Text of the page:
Wrapped in a fur coat against the biting wind, Ascension Mendieta steadies herself on the dirt-caked arm of an archaeologist. He guides her along a stone wall pockmarked by bullets, shuffling gingerly over gravel and frost, past chest-high piles of earth on the edge of a cemetery.
She slips beyond a barrier of red-and-white striped tape, leans forward into the sunlight, and peers down into a pit of skeletons. She begins to cry.
At 90, Mendieta has finally found her father.
She was just 13 when she last saw him alive, shaken awake by a knock on the door in the middle of the night, then marched away, hands up, by a stranger with a pistol to his head. The year was 1939.
Spain's civil war, pitting Nazi-backed fascists against Communist-backed Republicans, had just ended. Up to half a million Spaniards were dead. But the killing didn't stop. Fascist forces loyal to the war's victor, Gen. Francisco Franco, continued to execute their opponents for months and years after the war officially ended. Among them was Timoteo Mendieta, president of a local trade union in his village of Sacedon — and Ascension Mendieta's father.
"We never forgot about him," she says. "My mother had a gravestone made, even though we didn't get to bury him ourselves."
Mendieta is one of the oldest living witnesses to those bloody reprisals after Spain's 1936-39 civil war, and the plaintiff in an international court case that's led here — to a mass grave on the edge of a municipal cemetery in Guadalajara, east of Madrid — where the bodies of her father and dozens of other victims are being exhumed.
Amnesty International estimates that 20,000 Republicans were killed after the war ended — more than all the disappeared in South America's dirty wars of the 1970s and '80s put together. Spain has about 2,300 mass graves — second only to Cambodia.
"I never thought this moment would come," Mendieta says. "I'm happy to finally find my father. I would like him to be buried with me, when I die."
Hard of hearing, she asks her 65-year-old son to shout a reporter's questions into her ear. He stoops down — Mendieta is barely 5 feet tall — and tugs his mother's fur collar up to meet her coiffed gray hair.
After the war, Franco ruled Spain as a military dictator for nearly four decades, until his death in 1975. His fascist fighters were given official memorials, but their foes never were.
"We used to toss flowers over that wall every year on All Saints Day," Mendieta says.
One of the archaeologists quietly explains: That wall is where prisoners were lined up and shot by firing squad. They fell forward into the pit, which they'd probably been forced to dig themselves. It's about 12 feet deep.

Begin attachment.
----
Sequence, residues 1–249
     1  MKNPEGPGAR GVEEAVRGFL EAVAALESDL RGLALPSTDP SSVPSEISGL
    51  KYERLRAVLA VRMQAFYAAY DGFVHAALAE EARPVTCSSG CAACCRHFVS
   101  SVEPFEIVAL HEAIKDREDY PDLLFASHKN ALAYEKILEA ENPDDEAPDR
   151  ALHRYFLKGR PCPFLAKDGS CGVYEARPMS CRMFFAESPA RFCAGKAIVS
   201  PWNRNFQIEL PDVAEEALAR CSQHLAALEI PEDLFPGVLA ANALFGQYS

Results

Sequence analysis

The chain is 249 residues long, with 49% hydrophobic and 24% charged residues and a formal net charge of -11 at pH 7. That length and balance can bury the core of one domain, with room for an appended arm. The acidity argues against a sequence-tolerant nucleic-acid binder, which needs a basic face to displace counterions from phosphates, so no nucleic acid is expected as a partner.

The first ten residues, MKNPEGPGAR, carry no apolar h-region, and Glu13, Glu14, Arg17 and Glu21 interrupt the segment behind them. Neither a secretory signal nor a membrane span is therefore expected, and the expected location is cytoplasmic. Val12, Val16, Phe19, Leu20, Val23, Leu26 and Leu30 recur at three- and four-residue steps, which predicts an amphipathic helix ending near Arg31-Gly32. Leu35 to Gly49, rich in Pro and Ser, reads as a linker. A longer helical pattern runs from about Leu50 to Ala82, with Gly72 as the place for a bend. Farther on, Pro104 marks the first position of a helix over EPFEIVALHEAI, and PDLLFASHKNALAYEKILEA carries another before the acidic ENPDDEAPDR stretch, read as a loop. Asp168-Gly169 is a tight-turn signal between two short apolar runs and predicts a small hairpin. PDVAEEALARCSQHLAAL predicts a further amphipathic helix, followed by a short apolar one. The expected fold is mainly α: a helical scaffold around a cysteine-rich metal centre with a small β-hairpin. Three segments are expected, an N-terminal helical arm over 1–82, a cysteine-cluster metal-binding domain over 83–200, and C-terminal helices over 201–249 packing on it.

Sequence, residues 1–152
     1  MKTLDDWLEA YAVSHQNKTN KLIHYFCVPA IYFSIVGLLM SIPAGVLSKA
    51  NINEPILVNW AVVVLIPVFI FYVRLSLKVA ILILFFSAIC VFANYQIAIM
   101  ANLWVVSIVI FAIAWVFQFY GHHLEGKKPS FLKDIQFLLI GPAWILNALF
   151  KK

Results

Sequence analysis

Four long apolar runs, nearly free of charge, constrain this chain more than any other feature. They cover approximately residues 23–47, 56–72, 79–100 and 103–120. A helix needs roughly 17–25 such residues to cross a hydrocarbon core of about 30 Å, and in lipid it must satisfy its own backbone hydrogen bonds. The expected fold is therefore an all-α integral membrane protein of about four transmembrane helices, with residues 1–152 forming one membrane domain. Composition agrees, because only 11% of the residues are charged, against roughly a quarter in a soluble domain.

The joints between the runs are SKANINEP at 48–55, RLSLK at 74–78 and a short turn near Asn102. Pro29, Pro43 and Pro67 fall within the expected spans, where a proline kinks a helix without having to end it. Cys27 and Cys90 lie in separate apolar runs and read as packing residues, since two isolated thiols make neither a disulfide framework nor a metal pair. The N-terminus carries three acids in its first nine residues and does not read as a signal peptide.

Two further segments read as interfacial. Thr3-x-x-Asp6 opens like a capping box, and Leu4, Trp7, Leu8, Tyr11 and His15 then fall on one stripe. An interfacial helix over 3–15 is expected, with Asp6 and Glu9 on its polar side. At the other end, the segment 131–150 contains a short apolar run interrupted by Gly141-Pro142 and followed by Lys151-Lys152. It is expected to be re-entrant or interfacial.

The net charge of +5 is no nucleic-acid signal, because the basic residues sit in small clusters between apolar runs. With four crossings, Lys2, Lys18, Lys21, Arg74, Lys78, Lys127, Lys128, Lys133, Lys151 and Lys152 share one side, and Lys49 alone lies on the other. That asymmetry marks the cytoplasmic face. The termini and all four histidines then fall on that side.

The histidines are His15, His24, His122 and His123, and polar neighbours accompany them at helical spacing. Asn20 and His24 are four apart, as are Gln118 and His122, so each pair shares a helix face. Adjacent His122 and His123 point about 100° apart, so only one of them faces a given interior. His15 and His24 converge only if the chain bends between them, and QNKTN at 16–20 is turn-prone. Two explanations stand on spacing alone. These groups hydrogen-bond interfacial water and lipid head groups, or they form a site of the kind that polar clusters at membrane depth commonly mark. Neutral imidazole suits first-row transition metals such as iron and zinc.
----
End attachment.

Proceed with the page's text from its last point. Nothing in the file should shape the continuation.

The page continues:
"It's really rare to see graves at this depth," says Natalie Maystorovich Chulio, a socio-legal scholar who works with Spain's Assn. for the Recuperation of Historical Memory, a nonprofit group excavating the Mendieta grave. "They [the fascists] must have known they would be killing so many people. So what they would do is put a little bit of dirt over one layer of dead bodies, and then the next lot and the next lot."
Chulio climbs a ladder down into the tomb, where she uses paintbrushes and dentists' tools to clear dirt from around the bones, then lift them out one by one, for DNA testing. She pulls out a femur wearing a black leather boot, still intact.
In a canvas tent nearby, a historian compares forensic evidence — bones, their placement, a monogrammed button — against historical records from the Franco era.
No. 21 among the 22 skeletons in this grave is identified as that of Timoteo Mendieta, based on personal effects and his placement in the grave, which matched official records.
"The dictatorship really did our work for us, in a way," says historian Alejandro Rodriguez, paging through a cemetery logbook. "They held sham trials and kept meticulous records of the people they killed."
In elegant cursive, the log lists dozens of people in their 20s and 30s, all buried — in this and adjacent graves — on the same day as Timoteo Mendieta: Nov. 16, 1939. The list was never shared with families.
"Most of the time, their families never knew where they were. Other times, the killers actually took the children to see their parents' dead bodies — to let them know they'd better not say anything," Chulio says. "The fear continues to this day. You have to interview the families with the camera pointing at their feet, because they're still scared someone is going to come and take them. They saw what happened to their parents or uncles."
Mendieta says she hoped for justice when Spain transitioned to democracy in the late 1970s. But the new Spanish parliament passed an amnesty law, barring investigations of political crimes from the Franco era.
So instead she sought justice abroad.
Two years ago, when she was 88, Mendieta flew to Argentina to testify before a judge investigating Franco-era crimes, under the principle of universal jurisdiction — that crimes against humanity can be prosecuted in any jurisdiction. (It's a legal principle first championed by a Spanish judge, Baltasar Garzon, who prosecuted former Chilean dictator Augusto Pinochet, but was barred from the bench in Spain after trying to investigate his own country's mass graves.)
The Argentine judge ordered the Mendieta grave exhumed, and for the first time, a Spanish judge allowed it.
The excavations have drawn a crowd, including a 17-year-old high school student, who wandered over with his father. He is asked why he came.
"To learn more about what happened. In school they don't teach you about this," says Sergio Lopez, kicking at the gravel with his sneakers. "It's a bit hidden."
Frayer is a special correspondent.